But, much more can be done to manage this important food group and it can be profitable as well. Quality oak timber, especially high-grade red oak, brings a premium price. As supplies of oak sawtimber dwindle, prices are likely to increase even more. Many sites that produce quality oaks can produce quality pines as well. This, combined with the higher internal rates of return for pine plantations, have caused many landowners to convert hardwood stands to pine plantations. With the potential for increasing hardwood prices and the increasing interest by landowners in maximizing acorn production for wildlife, we can financially justify growing quality oak timber.

To produce oak mast and lumber profitably, land managers must understand several factors that affect timber quality and mast production. Because there are so many different species of oaks, I’ll stick to the basics, beginning with the differences between red and white oaks.

On an upland site in North Carolina, you may encounter scarlet oak, water oak, northern red oak, black oak, and southern red oak. All are red oaks, but of these, northern red oak generally produces the highest quality lumber and highest stumpage price. Water oak, on the other hand, generally produces the poorest timber and lowest prices of this group. In the bottomland hardwood areas of Georgia, we may find cherrybark oak, willow oak, water oak, and shumard oak, among others. Again, all are red oaks, but cherrybark oak usually produces the best lumber and prices.

For the white oaks, throughout much of the U.S. we find white oak, post oak, and chestnut oak on the uplands and swamp chestnut, white oak, bur oak, and overcup oak in the bottomlands. While the major difference between white and red oaks is the vessel structure inside the tree, a simplified way to identify these groups is to look at the leaf tips or lobes. With a few exceptions, red oak leaves are pointed and white oak leaves are rounded.

In this article, we won’t provide exhaustive descriptions and characteristics for all the oak species. For an overview, readers may want to refer to the article, Mast Trees-The Permanent Food Plot, by Bassett and Whatley, published in the December 2002 issue of Wildlife Trends. Landowners and hunters should also purchase an informative tree identification book for their area. These references will describe the range, leaf characteristics, acorn size, acorn drop timing and persistence, and other?key characteristics.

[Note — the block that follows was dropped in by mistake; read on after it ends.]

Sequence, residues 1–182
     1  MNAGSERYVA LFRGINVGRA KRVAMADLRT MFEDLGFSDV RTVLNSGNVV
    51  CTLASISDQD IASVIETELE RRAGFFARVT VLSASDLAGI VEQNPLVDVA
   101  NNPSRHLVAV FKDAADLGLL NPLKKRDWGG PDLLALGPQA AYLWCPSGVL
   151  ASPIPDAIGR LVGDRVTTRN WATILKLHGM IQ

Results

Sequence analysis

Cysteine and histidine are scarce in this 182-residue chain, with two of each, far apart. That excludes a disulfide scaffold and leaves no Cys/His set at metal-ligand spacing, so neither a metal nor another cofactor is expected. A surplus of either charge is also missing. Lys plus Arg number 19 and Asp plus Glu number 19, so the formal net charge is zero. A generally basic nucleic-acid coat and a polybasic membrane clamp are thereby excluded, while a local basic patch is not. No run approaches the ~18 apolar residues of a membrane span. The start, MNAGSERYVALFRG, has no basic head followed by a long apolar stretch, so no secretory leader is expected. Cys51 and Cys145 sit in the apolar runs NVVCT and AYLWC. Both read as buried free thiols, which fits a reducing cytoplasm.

Like pine timber, there are many uses for oak timber. Small diameter oak trees can be used for pulpwood production. Medium sized trees can be used to make pallets. Larger trees are used for sawtimber and are much more valuable. Some sawlogs are worth much more than others, depending on the grade of lumber they are capable of producing.

The North Carolina piedmont produces some of the country’s best oak timber. Stephen Henderson, the head procurement forester for McDowell Lumber Company in Asheboro, North Carolina, purchases a large volume of quality hardwood annually. Stephen described oak grades this way:

“In our area, we basically have four grades of sawlogs,” Stephen said. “The most desirable is ‘Prime.’ An oak tree needs to have a dbh (diameter at breast height), 4 1/2 feet above the ground) measurement of at least 20 inches to be prime. More importantly, a prime log must be 100 percent clear (containing no limbs or limb scars) on all faces. Next, No. 1 logs must have a dbh of at least 17 inches and be 75 percent clear. Finally, No. 2s and No. 3s must have a dbh of 13 inches and have at least 50 percent and 25 percent clear wood, respectively. The value increases substantially as the grade improves. Currently, No. 2 grade logs are worth about 200 percent more than No. 3 grade logs. No. 1 grade logs are worth about 33 percent more than No. 2, and prime grade timber is worth about 50 percent more than No. 1. For example, while timber prices differ greatly by region, species, markets, and logging costs, prime red oak logs delivered to our mill today bring about $850 per mbf (thousand board feet) Doyle scale, compared to low-grade logs which bring around $200 per mbf.”

If we are growing oak timber for profit, we should attempt to produce the highest grade lumber possible. So, which sites produce the best oak and which species produce the best grade sawlogs?